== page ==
The Best Way to Prepare for an IRS Audit is to Keep Your Financial Life in Order by Sarah Gaymon, CPA

Posted on September 06, 2023 by Sarah Gaymon

The best remedy for an audit is to be prepared for one before the audit letter arrives. Tax-planning decisions should never be made based on the likelihood of a potential IRS audit; however, you can set yourself up for success if an audit occurs. Following are 10 tips to help you keep your financial life in order, protect you from running afoul of U.S. tax laws, and support your position under an IRS audit.

Keep Contemporaneous Records

It’s much easier to document the facts now, while the facts are real, instead of going back and recreating them when you need the records. Accordingly, the best time to clean up your financial records, organizational charts and other documents supporting your personal and business activities is before the IRS comes knocking on your door. The more organized and accurate your records, the better prepared you will be to respond to an IRS examination notice. Keeping clear and contemporaneous records of foreign assets, business interests and incomes, related-entity information (including trusts and businesses co-owned by family members), charitable contributions and inheritances details will be helpful to have if the IRS ultimately pulls your tax return for an audit.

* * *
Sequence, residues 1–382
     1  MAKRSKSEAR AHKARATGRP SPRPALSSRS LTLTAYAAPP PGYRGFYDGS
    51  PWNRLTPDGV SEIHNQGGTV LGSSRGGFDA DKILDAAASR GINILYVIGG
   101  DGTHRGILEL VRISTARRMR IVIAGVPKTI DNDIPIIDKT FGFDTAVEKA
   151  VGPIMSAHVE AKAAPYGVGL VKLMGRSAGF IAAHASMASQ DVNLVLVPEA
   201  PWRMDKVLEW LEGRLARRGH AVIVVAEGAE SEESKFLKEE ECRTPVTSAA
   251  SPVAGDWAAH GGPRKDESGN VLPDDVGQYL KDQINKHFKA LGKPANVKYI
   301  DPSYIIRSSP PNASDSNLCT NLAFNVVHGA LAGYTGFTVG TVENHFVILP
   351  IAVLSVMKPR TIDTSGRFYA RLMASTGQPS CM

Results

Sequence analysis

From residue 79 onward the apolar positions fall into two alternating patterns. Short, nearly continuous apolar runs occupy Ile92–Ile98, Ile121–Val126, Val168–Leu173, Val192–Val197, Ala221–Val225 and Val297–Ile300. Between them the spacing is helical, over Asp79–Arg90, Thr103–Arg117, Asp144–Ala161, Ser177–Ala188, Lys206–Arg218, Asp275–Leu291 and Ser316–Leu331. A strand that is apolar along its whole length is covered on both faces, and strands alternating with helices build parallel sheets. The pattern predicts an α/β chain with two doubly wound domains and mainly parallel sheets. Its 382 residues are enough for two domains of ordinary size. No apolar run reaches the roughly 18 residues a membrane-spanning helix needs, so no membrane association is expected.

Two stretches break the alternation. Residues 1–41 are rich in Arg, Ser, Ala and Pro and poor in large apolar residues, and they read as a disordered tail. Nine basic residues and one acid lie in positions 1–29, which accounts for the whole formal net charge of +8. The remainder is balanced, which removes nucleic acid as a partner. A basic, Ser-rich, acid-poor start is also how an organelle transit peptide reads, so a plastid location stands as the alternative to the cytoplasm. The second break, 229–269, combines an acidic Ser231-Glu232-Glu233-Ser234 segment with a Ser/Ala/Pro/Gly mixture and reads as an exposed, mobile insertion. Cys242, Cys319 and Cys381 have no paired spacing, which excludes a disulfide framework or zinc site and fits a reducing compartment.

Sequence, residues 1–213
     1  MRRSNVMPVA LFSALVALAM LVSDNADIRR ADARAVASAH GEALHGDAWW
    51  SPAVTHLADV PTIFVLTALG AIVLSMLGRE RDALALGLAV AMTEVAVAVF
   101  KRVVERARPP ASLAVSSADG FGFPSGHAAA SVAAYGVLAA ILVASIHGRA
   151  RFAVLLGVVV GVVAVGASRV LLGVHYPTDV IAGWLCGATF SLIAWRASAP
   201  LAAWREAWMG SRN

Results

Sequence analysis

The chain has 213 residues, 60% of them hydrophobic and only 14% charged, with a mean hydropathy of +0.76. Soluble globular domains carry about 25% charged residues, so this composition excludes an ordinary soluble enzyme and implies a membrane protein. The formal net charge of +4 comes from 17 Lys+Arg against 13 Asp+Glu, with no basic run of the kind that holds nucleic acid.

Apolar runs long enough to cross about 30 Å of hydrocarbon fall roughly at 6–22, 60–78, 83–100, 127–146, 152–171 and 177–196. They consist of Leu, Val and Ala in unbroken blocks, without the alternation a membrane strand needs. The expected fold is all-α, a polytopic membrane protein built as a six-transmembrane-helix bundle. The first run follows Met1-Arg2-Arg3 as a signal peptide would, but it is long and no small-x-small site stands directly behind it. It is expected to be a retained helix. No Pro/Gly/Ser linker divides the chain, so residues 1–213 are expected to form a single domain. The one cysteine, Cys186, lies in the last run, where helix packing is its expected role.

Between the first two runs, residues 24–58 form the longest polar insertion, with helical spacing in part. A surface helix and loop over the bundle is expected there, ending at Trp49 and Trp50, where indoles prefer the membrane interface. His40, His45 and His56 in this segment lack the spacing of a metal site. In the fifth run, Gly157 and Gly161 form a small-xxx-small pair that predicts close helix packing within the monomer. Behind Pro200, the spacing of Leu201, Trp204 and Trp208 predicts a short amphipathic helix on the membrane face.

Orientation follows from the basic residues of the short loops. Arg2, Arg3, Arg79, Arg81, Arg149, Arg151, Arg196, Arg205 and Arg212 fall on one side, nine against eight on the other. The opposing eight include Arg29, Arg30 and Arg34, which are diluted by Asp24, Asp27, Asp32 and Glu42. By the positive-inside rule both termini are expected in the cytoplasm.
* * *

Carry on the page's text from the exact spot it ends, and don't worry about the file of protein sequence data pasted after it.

You should keep all the documentation related to your tax return for at least three years, but seven years is ideal.

Know the Loss Deductibility Rules Relevant to Your Business

U.S. tax laws have different rules dictating which taxpayers may deduct losses against different items of income based on parameters that include the types of activities the taxpayer performs and the number of hours the taxpayer worked on those activities. For real estate professionals, keeping track of hours spent in each activity and understanding certain aggregation elections may allow for the deduction of related losses.

When activities do not satisfy the criteria of a trade or business, taxpayers may not use losses incurred from those activities to reduce or offset other sources of income, nor may they claim deductions for all the expenses they incur from those activities. These are commonly known as hobby losses.

If you have hobby losses, the law provides a safe harbor you may apply to create a presumption that your activities are endeavored for profit. More specifically, 1) the gross income derived from the activity for three or more of the taxable years in a period of five consecutive taxable years exceeds the deductions attributable to the activity, or 2) the activity consists in major part of the breeding, training, showing, or racing of horses, and the income from those activities exceeds the deductions in two or more of the taxable years in a period of seven consecutive taxable years.

Be Prepared to Support Deductions for Business Meals and Entertainment

There are several conditions you must meet to claim deductions for business meals and entertainment. Not only must these activities include business discussions, but you should also be prepared with documentation of who incurred those costs, where and when the meal or entertainment took place, and how those activities qualify as deductible business expenses.

Be Careful with Travel and Car Use